Every holiday season a person ends up with a certain amount of gift cards. It is one of the few things you can consistently count on every season. It’s much easier to let someone else make the decision, you don’t have to admit to how little you actually know or care about your “friends”. We all do it. Being a known music freak, i usually end up with a couple Itunes cards. Now, for me, there is really only a couple approaches for purchase selection; something that i probably should have heard but haven’t or something that I would be too embarrassed to bring to the counter at a record store. Though, on occasion I do buy remix Eps on there too. I used to love the cd singles packed with different stylistic approaches, versions and visions. In the department of records I should have but didn’t there was one obvious choice for me, one of the most talked about artists/records of the last year, Frank Ocean and his album “Channel Orange”.
I initially dismissed Frank Ocean entirely based on his association with the Odd Future collective. I sampled several mixtapes and albums from their output and frankly didn’t see what the fuss is about. Their energy and approach is to be commended but the content and product itself didn’t really spark for me. Then again, I am not their target audience. Comparisons to Prince are sure to get my attention but wasn’t enough to get me to jump in. Nor did the recommendations of friends that I generally trust the musical tastes of, nor all the magazine/ website reviews.
These days, I mostly listen to music in the car while sitting in traffic on the way to and from work. So i burned a copy of the “Channel Orange” album for my purposes. Frank shows off his age by peppering the record with interludes, skits and various other ‘90s hip hop influenced “bullshit” filler tracks. I don’t need these weird little bits, i’m thinking the record would be stronger without them, every other track is a snippet or half version. Frank Ocean is to be admired for his dedication to sticking to his guns, he follows through even on the slight promise of an unfinished track. Perhaps this doubles back to some of the “bullshit” interludes and non-song bits wedged in-between tracks. On subsequent listenings they do seem to help set the mood or atmosphere. The comparisons to Prince are off the mark. This record is “Innervisions” era Stevie Wonder and “I Want You” era coked out Marvin Gaye riding in a mid ‘80s Lincoln Continental with R.Kelly smeared all over the windshield. The record is true to the form for folks used to the album format now finding themselves in a singles world. Flow and arc are lost most of the time, but not here. Deeply personal songs of heartache and misplaced affection, lost spoiled children and what they do to fill their time. On the songs the guy delivers.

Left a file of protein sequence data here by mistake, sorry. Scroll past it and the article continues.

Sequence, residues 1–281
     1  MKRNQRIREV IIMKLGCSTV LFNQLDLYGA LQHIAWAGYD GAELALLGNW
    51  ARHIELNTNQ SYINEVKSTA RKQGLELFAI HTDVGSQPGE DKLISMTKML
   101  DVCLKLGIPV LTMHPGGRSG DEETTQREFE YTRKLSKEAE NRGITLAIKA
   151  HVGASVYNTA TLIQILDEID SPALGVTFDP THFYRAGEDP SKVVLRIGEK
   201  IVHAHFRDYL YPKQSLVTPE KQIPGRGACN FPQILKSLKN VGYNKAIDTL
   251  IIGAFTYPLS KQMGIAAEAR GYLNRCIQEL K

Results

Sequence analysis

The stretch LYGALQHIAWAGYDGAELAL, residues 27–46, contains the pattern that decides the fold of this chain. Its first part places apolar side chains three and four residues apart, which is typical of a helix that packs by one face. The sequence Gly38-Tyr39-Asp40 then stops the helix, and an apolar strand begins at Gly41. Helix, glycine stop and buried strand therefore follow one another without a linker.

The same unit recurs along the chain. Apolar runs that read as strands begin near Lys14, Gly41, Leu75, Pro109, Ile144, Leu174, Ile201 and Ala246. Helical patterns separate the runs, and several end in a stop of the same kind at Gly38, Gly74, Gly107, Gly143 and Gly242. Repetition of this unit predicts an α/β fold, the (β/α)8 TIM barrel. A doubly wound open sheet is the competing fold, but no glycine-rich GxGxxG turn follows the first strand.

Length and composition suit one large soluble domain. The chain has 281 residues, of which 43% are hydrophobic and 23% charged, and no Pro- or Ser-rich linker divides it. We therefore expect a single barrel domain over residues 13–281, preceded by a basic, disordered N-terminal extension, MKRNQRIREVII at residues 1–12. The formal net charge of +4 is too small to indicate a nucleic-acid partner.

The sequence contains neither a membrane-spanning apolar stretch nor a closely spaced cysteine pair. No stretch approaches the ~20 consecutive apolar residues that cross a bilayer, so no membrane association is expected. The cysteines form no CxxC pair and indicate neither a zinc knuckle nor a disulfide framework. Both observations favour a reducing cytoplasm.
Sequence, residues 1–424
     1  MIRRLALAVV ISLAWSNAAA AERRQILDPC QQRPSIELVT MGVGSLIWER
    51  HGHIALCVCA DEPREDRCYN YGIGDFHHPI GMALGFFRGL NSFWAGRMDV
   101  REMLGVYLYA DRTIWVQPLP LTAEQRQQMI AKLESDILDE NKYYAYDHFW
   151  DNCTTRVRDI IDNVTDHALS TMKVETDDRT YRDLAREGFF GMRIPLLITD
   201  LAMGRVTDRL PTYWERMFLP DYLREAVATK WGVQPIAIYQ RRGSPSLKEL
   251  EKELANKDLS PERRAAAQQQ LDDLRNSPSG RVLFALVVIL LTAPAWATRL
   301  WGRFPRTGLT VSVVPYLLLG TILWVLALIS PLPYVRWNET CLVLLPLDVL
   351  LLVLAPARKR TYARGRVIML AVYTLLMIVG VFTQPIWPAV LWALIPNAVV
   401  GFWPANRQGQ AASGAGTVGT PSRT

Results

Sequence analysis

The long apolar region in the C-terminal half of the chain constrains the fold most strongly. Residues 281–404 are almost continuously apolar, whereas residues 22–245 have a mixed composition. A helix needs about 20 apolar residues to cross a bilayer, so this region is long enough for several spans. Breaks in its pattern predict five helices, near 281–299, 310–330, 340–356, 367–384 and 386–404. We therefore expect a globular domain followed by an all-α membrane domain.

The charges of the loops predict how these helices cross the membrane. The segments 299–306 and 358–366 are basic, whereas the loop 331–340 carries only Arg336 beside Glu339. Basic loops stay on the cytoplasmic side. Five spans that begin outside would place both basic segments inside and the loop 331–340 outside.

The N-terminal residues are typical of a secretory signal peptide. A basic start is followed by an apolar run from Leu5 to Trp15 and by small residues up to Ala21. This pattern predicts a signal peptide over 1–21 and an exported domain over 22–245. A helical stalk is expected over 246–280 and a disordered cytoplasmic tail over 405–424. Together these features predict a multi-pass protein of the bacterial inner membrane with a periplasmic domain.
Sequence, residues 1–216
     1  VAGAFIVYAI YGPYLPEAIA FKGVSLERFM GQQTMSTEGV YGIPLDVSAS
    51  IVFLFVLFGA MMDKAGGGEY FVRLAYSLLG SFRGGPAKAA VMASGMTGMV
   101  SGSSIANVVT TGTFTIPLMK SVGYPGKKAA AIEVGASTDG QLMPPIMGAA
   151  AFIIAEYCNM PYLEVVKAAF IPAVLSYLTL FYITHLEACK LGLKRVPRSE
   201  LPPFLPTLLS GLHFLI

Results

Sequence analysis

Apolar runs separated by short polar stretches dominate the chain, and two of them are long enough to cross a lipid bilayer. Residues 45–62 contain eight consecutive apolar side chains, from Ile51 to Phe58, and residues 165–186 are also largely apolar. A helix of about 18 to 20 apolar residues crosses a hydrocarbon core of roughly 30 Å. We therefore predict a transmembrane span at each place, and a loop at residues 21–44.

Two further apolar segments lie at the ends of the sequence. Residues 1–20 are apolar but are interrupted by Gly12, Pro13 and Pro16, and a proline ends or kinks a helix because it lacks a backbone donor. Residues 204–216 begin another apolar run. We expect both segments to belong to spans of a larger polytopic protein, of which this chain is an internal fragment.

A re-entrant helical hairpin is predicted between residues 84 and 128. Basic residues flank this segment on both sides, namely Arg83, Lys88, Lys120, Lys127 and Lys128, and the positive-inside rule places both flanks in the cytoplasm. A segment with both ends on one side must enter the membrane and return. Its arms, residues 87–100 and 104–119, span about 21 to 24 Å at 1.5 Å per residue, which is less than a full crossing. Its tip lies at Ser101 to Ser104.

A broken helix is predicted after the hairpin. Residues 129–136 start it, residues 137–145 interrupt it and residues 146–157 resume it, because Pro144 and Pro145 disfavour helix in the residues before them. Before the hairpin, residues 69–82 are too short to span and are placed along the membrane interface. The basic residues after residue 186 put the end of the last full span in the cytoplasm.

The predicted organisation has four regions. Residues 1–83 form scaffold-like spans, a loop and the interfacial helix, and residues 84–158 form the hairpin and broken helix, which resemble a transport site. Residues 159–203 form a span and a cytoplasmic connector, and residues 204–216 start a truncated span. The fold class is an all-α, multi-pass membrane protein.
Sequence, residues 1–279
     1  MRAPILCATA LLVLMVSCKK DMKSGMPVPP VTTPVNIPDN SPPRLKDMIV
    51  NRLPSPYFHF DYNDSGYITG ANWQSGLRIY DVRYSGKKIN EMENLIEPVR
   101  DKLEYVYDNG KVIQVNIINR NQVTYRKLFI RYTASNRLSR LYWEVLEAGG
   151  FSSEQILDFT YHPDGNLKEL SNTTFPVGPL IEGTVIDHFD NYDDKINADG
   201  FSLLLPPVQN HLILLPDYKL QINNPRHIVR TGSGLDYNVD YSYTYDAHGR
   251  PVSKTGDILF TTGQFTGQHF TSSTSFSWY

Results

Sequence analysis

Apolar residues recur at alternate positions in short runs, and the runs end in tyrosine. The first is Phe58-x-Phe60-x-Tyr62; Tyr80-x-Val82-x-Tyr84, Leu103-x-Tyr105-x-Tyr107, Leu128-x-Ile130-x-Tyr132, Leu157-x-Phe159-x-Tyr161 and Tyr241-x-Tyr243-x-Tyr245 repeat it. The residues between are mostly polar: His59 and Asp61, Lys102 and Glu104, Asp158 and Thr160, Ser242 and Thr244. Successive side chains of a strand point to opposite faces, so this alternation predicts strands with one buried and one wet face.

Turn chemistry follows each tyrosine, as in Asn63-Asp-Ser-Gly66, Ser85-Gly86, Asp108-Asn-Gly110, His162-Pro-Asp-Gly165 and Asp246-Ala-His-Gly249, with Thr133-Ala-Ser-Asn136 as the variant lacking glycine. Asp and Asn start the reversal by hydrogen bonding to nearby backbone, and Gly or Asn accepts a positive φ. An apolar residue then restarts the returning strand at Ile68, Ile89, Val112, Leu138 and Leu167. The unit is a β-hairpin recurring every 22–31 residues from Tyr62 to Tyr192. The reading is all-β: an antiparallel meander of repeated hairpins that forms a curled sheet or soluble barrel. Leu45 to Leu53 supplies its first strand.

“Sweet Life”, one of the tracks worked up with Pharrell, sounds like the best of his Neptunes/ N.E.R.D. productions and deeply channels the feel good sounds of ‘70s Soul/ R&B. All bass, snappy drum rhythms and electric piano. The majority of the songs are pretty mid tempo, the record doesn’t attempt to pull you in right off the bat. It’s the progression of unusual arrangements, counter melodies and topical building that demand your attention.
“Super Rich Kids” brings in some classic Motown sounds. Marvin Gaye reminiscent horns mixed low (and probably synth) , party atmosphere dialogue. Lyrically, a track about spoiled kids and their shallow, wasted days. This kicks off a trio of drug use tracks. Album single “Pyramids” is next.
Meandering at 9+ minutes, a song about Cleopatra and then her being reincarnated a stripper/prostitute. To me, it seems to be a couple track ideas mixed together. As I was writing this, a remix of album track, “Pink Matter’ (which features Andre 3000 in it’s original incarnation) was released that features Big Boi, making it the first Outkast feature since 2007. This should be a clear picture of the importance of this album. As should the six grammy nominations.
Much has been made of a post he made to his Tumblr page ( that appears to have been meant as a liner note addition. The inference that the label forced its removal. In the note is a story reminiscing about his first love, a secret love affair with another man. In the hip hop world, where “faggot” is a embraced term, it’s a rare case where someone is public about this sort of love. He has called this a liberating move. In 2012 when this was posted, you would think it wouldn’t matter anymore, but the world is far more conservative than it purports to be.
It’s rare at this point for me to find a record that captures my attention on it’s first play. The days of a record getting a dozen plays before it’s discarded are long past in this ever diminishing attention span world. This one did. When it ended, I just wanted to start over again.